He also notes that houseplants can be part of a healthy diet. “Very young vegetables like cabbages and radishes contain lots of vitamins C, K, and E. Micro-greens are full of antioxidants likes polyphenols, which can lower heart disease risk by helping your body repair the elastic in your arteries,” one of his focuses as an entrepreneur, based on Clemson University technology. “There are some interesting crossovers between medicinal house plants and heart health. A lot of herbs are anti-inflammatory and antibacterial. Chamomile, basil, and thyme are examples.”
Plant Tips and Trends
While the pros outweigh the cons by a long shot, Mulhall believes, there are some issues to consider in growing plants. If mold develops, that’s a problem, he points out. (Some people are allergic to it.) Some people are also allergic to flowering plants. That’s something to consider before bringing one home. Some plants are harmful to pets; the ASPCA maintains a list of those, (which houseplant maven Steinkopf recommends for readers). Plants can also attract insects, Mulhall warns. “If you start using toxic pesticides to control bugs, you’re defeating the purpose; there are safe alternatives.”
One of the biggest cautions of plant parenting may be loss. The most common question Steinkopf gets is “what is wrong with my plant?” she shares. “People send pictures of plants with spots, dead leaves, insects, and mites and ask me to diagnose the problem.”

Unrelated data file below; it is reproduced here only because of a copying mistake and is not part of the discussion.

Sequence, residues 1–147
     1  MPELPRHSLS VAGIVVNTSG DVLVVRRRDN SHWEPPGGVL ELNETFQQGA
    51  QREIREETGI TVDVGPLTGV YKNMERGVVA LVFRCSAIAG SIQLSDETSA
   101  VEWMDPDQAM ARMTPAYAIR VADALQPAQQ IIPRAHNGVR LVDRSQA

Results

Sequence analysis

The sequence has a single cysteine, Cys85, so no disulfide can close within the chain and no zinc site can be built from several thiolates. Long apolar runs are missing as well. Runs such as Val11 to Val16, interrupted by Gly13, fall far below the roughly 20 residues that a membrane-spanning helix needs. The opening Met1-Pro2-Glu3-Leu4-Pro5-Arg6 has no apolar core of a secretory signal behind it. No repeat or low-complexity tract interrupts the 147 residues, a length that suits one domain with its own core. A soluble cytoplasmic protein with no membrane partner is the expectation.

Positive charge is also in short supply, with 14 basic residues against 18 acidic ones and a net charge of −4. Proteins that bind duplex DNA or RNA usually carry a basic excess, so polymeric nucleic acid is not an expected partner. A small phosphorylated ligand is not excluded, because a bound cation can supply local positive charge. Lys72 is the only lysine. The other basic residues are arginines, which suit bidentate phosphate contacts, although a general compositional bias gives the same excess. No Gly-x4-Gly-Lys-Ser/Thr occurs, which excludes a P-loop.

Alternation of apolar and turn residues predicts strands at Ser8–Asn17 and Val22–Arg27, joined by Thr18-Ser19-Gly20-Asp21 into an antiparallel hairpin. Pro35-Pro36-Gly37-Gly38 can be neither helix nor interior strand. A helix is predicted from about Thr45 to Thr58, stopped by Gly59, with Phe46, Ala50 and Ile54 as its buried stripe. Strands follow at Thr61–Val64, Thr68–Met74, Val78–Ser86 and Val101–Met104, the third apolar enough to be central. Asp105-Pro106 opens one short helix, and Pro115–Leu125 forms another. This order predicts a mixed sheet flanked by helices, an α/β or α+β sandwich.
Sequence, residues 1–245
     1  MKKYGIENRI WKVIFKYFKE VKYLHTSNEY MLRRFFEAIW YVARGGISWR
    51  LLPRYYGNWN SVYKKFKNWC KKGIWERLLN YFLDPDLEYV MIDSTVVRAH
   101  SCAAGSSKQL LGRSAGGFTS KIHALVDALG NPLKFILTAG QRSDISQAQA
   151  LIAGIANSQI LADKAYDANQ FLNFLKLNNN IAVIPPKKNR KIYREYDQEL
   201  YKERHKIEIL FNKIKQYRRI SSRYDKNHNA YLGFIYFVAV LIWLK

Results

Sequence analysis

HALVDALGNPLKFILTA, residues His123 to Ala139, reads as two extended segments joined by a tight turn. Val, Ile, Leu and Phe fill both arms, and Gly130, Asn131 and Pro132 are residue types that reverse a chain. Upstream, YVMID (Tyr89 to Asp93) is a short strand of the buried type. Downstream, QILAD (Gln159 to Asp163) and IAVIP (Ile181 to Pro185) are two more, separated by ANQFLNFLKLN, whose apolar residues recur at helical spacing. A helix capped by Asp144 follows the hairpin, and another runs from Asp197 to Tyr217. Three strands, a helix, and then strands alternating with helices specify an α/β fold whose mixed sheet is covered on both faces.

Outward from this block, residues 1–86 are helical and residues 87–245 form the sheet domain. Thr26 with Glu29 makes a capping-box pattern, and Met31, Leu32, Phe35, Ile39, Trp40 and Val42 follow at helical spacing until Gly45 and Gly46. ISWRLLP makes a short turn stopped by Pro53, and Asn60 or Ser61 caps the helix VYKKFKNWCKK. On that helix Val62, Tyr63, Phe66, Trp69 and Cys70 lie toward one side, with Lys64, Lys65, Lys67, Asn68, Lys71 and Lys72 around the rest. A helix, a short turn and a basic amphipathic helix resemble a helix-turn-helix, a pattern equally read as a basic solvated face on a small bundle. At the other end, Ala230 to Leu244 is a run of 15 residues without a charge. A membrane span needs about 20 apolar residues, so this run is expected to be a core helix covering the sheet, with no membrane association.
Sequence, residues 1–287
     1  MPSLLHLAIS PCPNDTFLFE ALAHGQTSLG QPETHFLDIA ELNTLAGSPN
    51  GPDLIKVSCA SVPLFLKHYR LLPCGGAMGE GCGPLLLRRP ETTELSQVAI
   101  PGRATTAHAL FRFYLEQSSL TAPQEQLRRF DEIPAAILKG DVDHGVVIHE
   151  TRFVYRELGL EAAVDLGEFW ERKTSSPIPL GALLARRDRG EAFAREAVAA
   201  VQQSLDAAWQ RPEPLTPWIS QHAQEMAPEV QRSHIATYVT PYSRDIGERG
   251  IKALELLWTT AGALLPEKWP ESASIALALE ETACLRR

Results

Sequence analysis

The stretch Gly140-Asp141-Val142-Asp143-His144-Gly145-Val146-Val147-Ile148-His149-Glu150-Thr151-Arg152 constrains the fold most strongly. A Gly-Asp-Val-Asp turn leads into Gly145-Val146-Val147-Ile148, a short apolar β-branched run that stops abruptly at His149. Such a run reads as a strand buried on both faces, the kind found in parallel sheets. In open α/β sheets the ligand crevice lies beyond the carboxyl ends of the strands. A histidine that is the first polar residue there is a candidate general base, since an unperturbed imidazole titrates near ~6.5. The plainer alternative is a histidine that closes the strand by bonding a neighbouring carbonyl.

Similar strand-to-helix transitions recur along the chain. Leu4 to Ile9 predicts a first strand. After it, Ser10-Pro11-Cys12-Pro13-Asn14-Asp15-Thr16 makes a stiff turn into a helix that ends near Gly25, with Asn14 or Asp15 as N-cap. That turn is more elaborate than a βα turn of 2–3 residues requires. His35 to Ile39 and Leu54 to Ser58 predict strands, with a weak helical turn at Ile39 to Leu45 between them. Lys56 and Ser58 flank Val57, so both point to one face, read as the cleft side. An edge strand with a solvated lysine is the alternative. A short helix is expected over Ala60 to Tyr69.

The most important aspect of successful growing is choosing the right plant for the right spot in your home, she comments. “Know which exposure your home faces so you know which plants will work for your environment.”
Lovato keeps this in mind for her clients, especially as they’re getting busier with less time for plant care. “Most people desire plants that are easy to take care of. We also make sure we’re placing plants in the right locations. Hanging house plants is a fun trend right now,” she observes.
There are some systems available today to make successful growing easier, Steinkopf says. Electric lights that can give plants exactly what they crave is a trend she suggests for beginners. “Budget-friendly lights work great and are an economical way to grow a lot of plants in a small space.”
Self-watering pots are popular now too, and an easy way to keep your plants hydrated. (Lovato says her clients love their convenience factor.) The soil needs to be extra porous so that it doesn’t stay too wet and drainage is essential, Steinkopf instructs. “Many people are under the impression that all they need is drainage material. Though growing a plant in a container with no drainage hole is possible, it isn’t easy and for new plant parents especially, a hole is a must.”
“Learning the benefits of different types of plants is super important and interesting,” Lovato says. Her California homeowner clients invest heavily in landscape and indoor plants, but you don’t need a great climate or gigantic budget to make plants work for your home and life.
Lovato, Mulhall and Steinkopf will be sharing their plant insights in an hour-long Clubhouse conversation tomorrow afternoon at 4 pm Eastern/1 pm Pacific. You can join this WELLNESS WEDNESDAYS discussion here. If you’re unable to attend, you can catch the recording via Clubhouse Replays or the Gold Notes design blog here next Wednesday.